One measure of the complexity of Guangzhou Metro’s business is the range of ancillary businesses it operates, including advertising, property development, telecommunications and consulting services. A more telling measure, however, takes into account the asset management challenges related to the rapid growth of its core transportation equipment and facilities. In contrast to more mature rail networks, those in high-growth mode—such as Guangzhou Metro—commit a high proportion of their resources to construction, relative to the operations and maintenance sides of their business. As new track, tunnels and stations are brought online, those assets are, in essence, handed off from Guangzhou Metro’s construction business unit to its operations and maintenance units, respectively. Because each of these units had their own systems, processes and even parts taxonomies, maintaining seamless management continuity across these handoffs was not a practical possibility.

Breaking down process walls
IBM’s first step in addressing this was to create a standardized taxonomy for all of Guangzhou Metro’s assets across all business units and processes. Using IBM Maximo Asset Management and leveraging the new asset taxonomy, IBM Global Business Services designed and implemented an integrated asset management solution that can be extended to all of Guangzhou Metro’s business units, and has the capability to manage assets throughout their lifecycle. A key attribute of the solution is the integration (via IBM Maximo Enterprise Adapter) of asset management functions with key enterprise applications like procurement, financial management, inventory management and materials management. Prior to this, the separation of these functions created an inherent inefficiency by erecting a virtual “wall” between processes that would—in an optimal setting—be linked in a coherent workflow. On one side were the processes and systems that tracked and forecasted plant and equipment maintenance requirements, on the other was Guangzhou Metro’s ERP system.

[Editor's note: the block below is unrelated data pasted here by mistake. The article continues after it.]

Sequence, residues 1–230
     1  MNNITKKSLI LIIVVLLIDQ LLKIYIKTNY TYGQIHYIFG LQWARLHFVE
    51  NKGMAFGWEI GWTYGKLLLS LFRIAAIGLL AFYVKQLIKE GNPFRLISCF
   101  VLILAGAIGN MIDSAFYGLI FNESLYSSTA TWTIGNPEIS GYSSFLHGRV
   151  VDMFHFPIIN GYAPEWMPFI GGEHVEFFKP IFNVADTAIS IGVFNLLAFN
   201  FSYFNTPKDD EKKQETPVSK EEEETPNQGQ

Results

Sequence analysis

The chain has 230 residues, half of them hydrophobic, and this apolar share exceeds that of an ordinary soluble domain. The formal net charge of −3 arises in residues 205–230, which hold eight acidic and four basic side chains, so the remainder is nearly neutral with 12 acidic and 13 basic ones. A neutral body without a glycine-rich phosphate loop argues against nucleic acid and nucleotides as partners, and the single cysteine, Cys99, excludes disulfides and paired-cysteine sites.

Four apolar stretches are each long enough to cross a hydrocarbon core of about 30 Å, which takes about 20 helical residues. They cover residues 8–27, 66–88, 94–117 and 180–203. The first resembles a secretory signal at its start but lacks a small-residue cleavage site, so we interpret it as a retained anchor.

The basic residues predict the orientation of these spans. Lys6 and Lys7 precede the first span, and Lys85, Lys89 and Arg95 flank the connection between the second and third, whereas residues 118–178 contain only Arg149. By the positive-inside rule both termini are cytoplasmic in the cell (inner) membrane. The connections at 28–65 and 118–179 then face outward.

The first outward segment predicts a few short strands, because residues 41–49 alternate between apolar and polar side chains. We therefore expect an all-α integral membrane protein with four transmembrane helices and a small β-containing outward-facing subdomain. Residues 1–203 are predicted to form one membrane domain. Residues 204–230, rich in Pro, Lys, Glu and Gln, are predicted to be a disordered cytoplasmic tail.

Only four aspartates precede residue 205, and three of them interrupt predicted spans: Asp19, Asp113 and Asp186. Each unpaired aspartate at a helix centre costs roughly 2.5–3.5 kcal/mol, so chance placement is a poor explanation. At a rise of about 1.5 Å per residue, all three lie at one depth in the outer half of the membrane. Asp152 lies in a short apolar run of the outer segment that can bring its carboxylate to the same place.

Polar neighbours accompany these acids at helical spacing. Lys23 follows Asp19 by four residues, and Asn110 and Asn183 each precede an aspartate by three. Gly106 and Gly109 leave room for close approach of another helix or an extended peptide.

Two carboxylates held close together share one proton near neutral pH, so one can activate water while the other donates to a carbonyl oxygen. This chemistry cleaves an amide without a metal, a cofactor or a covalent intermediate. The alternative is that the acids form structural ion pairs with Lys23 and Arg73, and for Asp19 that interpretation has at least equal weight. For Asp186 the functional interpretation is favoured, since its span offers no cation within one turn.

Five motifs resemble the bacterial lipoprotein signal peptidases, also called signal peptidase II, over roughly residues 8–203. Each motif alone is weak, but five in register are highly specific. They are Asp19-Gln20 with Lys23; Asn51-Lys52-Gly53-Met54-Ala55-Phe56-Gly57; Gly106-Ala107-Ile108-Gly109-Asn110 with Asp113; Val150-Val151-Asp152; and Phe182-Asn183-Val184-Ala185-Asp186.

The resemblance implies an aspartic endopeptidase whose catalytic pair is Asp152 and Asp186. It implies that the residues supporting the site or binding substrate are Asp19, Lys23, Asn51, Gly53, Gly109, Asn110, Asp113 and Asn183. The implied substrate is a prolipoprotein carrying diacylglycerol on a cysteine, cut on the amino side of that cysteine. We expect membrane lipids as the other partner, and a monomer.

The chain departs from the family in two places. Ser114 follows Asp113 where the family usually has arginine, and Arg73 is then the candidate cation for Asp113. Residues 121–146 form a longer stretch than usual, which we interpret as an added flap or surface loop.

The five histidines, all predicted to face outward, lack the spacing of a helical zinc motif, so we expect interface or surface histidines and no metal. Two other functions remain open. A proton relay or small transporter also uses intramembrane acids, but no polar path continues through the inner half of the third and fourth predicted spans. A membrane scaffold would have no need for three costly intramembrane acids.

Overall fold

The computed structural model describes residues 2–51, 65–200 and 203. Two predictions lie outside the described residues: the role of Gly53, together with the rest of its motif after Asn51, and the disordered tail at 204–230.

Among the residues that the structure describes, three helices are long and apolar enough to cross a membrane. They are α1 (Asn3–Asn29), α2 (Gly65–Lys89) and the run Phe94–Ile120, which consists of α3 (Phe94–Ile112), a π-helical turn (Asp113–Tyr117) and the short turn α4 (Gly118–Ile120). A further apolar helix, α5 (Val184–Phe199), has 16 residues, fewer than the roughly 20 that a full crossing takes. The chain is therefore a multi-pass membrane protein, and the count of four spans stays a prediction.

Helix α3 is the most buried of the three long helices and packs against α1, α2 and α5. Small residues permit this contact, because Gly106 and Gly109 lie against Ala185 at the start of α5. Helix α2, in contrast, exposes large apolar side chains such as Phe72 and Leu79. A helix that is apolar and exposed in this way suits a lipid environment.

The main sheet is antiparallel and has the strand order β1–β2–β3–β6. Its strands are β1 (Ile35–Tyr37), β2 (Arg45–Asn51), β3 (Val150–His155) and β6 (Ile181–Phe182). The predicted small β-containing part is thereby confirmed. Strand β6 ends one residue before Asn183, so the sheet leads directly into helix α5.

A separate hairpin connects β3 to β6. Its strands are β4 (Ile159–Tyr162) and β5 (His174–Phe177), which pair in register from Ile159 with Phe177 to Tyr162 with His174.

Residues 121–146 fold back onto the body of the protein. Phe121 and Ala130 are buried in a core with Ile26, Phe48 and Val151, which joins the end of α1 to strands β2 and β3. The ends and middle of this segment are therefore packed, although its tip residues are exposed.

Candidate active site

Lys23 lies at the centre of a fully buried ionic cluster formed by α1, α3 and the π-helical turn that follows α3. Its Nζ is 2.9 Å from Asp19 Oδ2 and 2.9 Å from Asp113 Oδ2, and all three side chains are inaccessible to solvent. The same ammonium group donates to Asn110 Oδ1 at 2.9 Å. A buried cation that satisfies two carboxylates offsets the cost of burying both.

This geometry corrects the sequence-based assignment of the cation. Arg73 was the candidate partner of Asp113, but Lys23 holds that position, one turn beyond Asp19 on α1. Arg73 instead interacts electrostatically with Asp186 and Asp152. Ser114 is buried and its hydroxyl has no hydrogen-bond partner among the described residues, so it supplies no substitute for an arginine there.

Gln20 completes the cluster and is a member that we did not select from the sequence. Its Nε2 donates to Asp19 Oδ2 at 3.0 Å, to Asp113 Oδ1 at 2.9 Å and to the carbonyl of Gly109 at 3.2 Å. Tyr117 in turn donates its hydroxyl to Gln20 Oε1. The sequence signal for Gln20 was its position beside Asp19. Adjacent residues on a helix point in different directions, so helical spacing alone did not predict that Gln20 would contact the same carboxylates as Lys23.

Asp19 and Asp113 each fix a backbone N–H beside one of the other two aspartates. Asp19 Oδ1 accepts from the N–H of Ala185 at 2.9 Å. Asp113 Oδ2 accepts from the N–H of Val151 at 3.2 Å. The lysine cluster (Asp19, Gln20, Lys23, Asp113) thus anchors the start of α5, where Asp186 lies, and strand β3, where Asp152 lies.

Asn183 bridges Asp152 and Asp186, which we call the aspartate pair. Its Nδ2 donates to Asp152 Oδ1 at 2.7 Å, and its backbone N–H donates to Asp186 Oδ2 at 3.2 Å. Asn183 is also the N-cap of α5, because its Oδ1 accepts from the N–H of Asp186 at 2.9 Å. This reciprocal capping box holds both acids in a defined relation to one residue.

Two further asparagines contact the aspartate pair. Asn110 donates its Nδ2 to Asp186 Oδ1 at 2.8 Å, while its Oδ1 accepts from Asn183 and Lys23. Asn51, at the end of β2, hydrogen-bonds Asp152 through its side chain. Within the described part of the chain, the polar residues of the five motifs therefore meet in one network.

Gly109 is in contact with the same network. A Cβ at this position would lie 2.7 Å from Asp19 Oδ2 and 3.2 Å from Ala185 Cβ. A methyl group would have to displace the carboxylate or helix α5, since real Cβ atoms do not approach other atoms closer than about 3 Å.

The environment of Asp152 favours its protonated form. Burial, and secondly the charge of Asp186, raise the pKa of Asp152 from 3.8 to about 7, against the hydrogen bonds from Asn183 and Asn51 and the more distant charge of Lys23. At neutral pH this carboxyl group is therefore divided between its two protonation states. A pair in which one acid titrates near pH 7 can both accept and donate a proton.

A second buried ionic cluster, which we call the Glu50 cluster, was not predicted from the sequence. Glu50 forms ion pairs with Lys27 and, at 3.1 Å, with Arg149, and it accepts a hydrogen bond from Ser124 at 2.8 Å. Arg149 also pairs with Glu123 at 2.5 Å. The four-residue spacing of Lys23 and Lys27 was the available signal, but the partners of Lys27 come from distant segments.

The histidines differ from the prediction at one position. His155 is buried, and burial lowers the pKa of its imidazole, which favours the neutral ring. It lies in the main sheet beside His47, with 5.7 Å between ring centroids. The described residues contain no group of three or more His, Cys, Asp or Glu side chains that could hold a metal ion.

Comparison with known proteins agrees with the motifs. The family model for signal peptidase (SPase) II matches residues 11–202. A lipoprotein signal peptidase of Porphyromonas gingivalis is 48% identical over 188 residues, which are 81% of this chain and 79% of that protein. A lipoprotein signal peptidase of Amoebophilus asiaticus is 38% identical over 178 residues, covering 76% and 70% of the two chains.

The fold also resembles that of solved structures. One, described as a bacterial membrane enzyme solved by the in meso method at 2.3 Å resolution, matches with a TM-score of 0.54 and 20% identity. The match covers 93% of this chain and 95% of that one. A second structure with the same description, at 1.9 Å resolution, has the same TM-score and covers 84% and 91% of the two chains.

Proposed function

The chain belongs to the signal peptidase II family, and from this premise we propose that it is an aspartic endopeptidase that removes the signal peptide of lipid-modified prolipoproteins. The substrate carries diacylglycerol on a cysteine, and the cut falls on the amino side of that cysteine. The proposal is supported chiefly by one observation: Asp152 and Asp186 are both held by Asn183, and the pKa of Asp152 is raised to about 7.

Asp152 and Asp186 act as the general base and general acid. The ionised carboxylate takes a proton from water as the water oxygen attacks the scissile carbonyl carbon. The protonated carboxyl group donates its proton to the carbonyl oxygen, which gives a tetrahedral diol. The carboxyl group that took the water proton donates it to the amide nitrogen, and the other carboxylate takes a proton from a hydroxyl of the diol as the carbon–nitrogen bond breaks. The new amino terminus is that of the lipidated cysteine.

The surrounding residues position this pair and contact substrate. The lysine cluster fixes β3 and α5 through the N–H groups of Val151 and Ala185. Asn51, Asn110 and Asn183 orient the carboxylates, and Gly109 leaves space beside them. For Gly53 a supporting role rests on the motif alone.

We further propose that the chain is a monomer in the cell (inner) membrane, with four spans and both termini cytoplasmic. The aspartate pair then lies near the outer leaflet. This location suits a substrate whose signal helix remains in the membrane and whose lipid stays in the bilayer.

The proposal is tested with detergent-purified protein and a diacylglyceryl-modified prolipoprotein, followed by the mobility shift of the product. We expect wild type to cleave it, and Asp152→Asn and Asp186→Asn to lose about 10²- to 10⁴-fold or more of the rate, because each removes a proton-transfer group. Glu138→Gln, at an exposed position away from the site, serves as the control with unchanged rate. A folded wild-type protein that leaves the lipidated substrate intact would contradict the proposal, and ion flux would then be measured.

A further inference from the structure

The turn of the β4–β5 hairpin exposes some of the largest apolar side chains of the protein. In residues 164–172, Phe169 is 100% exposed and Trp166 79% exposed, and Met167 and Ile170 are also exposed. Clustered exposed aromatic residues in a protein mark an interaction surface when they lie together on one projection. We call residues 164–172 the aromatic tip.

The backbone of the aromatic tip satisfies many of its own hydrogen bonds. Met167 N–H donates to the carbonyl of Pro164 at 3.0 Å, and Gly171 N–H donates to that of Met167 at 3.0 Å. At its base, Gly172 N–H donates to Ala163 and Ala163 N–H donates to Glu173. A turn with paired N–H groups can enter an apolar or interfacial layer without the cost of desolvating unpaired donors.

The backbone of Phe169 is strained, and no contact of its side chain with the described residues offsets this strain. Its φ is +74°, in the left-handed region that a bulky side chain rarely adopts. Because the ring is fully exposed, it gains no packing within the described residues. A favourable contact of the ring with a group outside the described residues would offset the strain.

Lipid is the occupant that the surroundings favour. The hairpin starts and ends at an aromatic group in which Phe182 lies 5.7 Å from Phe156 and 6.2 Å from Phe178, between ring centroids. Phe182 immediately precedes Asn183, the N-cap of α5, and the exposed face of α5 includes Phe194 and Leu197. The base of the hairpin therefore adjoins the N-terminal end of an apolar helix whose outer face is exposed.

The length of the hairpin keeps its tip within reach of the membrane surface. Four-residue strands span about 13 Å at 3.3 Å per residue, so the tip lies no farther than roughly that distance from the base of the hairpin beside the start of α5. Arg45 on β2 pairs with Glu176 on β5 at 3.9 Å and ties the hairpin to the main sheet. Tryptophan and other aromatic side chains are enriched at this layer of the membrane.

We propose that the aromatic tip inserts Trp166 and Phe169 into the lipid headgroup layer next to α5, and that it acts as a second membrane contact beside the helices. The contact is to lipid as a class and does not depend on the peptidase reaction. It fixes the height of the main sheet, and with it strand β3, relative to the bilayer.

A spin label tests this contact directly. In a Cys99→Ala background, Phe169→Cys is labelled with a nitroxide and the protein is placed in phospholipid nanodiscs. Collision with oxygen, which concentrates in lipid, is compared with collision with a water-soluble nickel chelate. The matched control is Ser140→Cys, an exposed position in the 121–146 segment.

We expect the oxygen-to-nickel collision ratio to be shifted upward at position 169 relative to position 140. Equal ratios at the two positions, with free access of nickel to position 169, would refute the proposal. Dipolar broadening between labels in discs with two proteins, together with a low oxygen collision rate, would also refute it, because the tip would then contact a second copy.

The effect of this partition was twofold. First, it deprived Guangzhou Metro of the comprehensive and consistent picture of its asset management requirements—incorporating both physical and financial perspectives—it needs to efficiently manage the funding and execution of the project. Second, it posed a major barrier to achieving the process efficiency Guangzhou Metro needs to keep its trains running and get the most return from its investments. Using the new solution as a foundation, IBM Global Business Services also employed the IBM Component Business Model framework to assist Guangzhou Metro in the optimization of its asset management processes. As a result of its process and data standardization efforts, Guangzhou Metro was also able to consolidate its procurement activities into a single organization, running on a single system and serving the entire enterprise. In addition to lower administrative costs, the company also expects major improvements in the management of its parts inventories and better pricing via volume-based discounts.